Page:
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Anesth Analg. 2004 Nov;99(5):1365-75; table of contents.

Neurological monitoring for congenital heart surgery.

Author information

1
Department of Pediatric Cardiovascular Anesthesiology, Texas Children's Hospital, Baylor College of Medicine, 6621 Fannin WT19345H, Houston, TX 77030, USA. dra@bcm.tmc.edu

Abstract

The incidence of neurological complications after pediatric cardiac surgery ranges from 2% to 25%. The causes are multifactorial and include preoperative brain malformations, perioperative hypoxemia and low cardiac output states, sequelae of cardiopulmonary bypass, and deep hypothermic circulatory arrest. Neurological monitoring devices are readily available and the anesthesiologist can now monitor the brain during pediatric cardiac surgery. In this review we discuss near-infrared cerebral oximetry, transcranial Doppler ultrasound, and electroencephalographic monitors for use during congenital heart surgery. After review of the basic principles of each monitoring modality, we discuss their uses during pediatric heart surgery. We present evidence that multimodal neurological monitoring in conjunction with a treatment algorithm may improve neurological outcome for patients undergoing congenital heart surgery and present one such algorithm.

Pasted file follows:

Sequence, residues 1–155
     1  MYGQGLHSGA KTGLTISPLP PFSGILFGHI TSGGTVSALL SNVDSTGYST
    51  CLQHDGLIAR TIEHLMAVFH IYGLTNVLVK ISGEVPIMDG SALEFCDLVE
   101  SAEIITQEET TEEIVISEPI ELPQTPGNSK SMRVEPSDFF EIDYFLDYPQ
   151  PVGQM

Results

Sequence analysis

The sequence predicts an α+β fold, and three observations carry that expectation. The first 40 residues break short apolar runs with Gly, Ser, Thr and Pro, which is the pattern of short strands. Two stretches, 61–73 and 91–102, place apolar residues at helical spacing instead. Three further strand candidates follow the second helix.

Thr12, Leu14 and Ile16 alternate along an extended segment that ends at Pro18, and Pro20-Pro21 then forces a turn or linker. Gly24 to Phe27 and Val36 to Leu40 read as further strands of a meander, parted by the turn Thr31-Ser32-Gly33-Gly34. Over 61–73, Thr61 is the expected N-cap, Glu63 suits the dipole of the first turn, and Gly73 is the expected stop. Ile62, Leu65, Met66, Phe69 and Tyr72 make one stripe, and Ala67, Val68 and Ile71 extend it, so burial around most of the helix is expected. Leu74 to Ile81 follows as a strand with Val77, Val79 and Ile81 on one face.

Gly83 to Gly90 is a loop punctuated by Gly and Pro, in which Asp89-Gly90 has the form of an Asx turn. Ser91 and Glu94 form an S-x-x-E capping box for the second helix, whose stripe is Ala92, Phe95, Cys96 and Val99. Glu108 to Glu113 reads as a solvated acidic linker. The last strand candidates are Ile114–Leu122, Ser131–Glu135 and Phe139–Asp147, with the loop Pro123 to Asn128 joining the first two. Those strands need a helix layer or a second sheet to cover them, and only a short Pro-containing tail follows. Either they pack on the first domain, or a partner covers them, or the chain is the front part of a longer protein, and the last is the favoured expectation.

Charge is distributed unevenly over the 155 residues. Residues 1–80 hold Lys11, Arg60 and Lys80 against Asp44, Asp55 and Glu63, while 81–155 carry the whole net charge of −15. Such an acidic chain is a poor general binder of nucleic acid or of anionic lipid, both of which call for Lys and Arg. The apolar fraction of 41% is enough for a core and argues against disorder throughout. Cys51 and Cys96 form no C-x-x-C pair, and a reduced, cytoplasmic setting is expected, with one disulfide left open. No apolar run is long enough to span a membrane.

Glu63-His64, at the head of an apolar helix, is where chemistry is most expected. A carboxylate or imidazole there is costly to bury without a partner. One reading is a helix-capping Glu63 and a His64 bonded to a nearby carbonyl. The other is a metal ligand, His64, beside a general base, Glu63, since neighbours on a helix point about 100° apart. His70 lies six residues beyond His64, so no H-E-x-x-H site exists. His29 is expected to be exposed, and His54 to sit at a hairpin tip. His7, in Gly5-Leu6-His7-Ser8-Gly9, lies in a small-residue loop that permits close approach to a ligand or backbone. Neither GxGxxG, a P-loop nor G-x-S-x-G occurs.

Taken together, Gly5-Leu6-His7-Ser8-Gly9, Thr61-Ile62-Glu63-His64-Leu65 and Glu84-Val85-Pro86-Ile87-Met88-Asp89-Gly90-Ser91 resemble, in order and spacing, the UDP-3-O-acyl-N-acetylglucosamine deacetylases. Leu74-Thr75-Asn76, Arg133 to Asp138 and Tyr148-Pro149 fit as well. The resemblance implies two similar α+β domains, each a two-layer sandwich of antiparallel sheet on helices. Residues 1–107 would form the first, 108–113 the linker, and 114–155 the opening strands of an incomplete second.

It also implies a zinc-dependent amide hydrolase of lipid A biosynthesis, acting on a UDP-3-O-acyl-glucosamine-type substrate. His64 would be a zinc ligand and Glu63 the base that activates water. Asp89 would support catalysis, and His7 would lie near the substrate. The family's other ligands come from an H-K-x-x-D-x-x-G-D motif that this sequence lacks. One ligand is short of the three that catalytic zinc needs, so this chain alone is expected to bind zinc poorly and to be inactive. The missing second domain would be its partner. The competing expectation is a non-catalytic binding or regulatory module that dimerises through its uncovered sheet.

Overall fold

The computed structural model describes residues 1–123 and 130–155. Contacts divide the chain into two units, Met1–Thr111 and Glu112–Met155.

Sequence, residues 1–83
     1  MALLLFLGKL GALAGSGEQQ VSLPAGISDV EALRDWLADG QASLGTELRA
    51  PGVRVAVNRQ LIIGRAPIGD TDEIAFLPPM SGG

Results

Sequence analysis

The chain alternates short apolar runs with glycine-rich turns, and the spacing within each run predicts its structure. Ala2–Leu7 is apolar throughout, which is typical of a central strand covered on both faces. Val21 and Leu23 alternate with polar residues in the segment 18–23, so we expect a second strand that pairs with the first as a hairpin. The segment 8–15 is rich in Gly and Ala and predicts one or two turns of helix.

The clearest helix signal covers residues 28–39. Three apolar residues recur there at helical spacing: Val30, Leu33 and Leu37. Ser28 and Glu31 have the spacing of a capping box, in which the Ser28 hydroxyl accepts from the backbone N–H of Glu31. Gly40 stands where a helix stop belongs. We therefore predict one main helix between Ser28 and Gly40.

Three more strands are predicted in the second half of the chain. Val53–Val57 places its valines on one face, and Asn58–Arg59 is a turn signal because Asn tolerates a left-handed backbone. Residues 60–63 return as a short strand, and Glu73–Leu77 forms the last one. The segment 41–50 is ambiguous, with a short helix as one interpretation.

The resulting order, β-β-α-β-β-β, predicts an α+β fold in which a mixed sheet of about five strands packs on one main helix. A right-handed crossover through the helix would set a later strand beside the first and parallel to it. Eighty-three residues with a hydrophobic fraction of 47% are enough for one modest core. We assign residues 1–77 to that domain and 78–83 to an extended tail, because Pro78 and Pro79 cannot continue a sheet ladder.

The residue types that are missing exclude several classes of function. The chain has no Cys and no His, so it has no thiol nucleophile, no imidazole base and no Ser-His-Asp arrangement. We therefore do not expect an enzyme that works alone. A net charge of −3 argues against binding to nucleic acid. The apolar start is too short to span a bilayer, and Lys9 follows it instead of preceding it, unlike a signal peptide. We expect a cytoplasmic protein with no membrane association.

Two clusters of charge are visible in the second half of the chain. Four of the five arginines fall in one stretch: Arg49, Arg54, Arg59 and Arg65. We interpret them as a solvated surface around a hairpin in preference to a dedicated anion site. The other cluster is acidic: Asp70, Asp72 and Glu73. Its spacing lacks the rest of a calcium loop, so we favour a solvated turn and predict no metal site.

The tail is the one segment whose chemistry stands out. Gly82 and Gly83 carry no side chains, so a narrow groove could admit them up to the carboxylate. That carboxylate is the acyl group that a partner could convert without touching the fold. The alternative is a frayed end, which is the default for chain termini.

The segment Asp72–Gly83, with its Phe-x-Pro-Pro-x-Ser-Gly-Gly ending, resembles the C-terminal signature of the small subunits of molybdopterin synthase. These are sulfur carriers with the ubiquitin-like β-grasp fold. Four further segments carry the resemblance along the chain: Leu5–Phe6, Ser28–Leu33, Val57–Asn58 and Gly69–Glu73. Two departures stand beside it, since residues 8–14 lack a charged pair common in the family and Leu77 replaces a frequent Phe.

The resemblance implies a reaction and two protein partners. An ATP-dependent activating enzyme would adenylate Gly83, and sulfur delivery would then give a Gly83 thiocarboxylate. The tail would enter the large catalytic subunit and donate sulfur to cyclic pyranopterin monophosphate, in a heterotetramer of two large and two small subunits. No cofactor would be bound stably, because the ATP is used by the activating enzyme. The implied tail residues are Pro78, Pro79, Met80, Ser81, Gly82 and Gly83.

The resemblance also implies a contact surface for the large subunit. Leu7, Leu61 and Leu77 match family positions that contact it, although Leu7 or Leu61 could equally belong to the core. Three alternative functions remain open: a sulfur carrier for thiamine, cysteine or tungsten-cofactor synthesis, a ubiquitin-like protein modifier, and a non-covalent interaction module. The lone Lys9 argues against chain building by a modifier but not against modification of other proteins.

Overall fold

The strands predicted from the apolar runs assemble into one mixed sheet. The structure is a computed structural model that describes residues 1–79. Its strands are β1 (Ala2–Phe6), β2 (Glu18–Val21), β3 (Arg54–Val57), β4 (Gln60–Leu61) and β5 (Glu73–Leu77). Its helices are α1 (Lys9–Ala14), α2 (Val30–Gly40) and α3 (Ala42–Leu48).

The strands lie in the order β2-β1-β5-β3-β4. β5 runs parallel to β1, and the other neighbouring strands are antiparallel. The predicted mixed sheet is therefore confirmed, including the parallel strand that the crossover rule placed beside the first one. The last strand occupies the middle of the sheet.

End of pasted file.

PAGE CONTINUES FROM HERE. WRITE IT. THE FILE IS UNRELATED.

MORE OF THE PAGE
[Indexed for MEDLINE]

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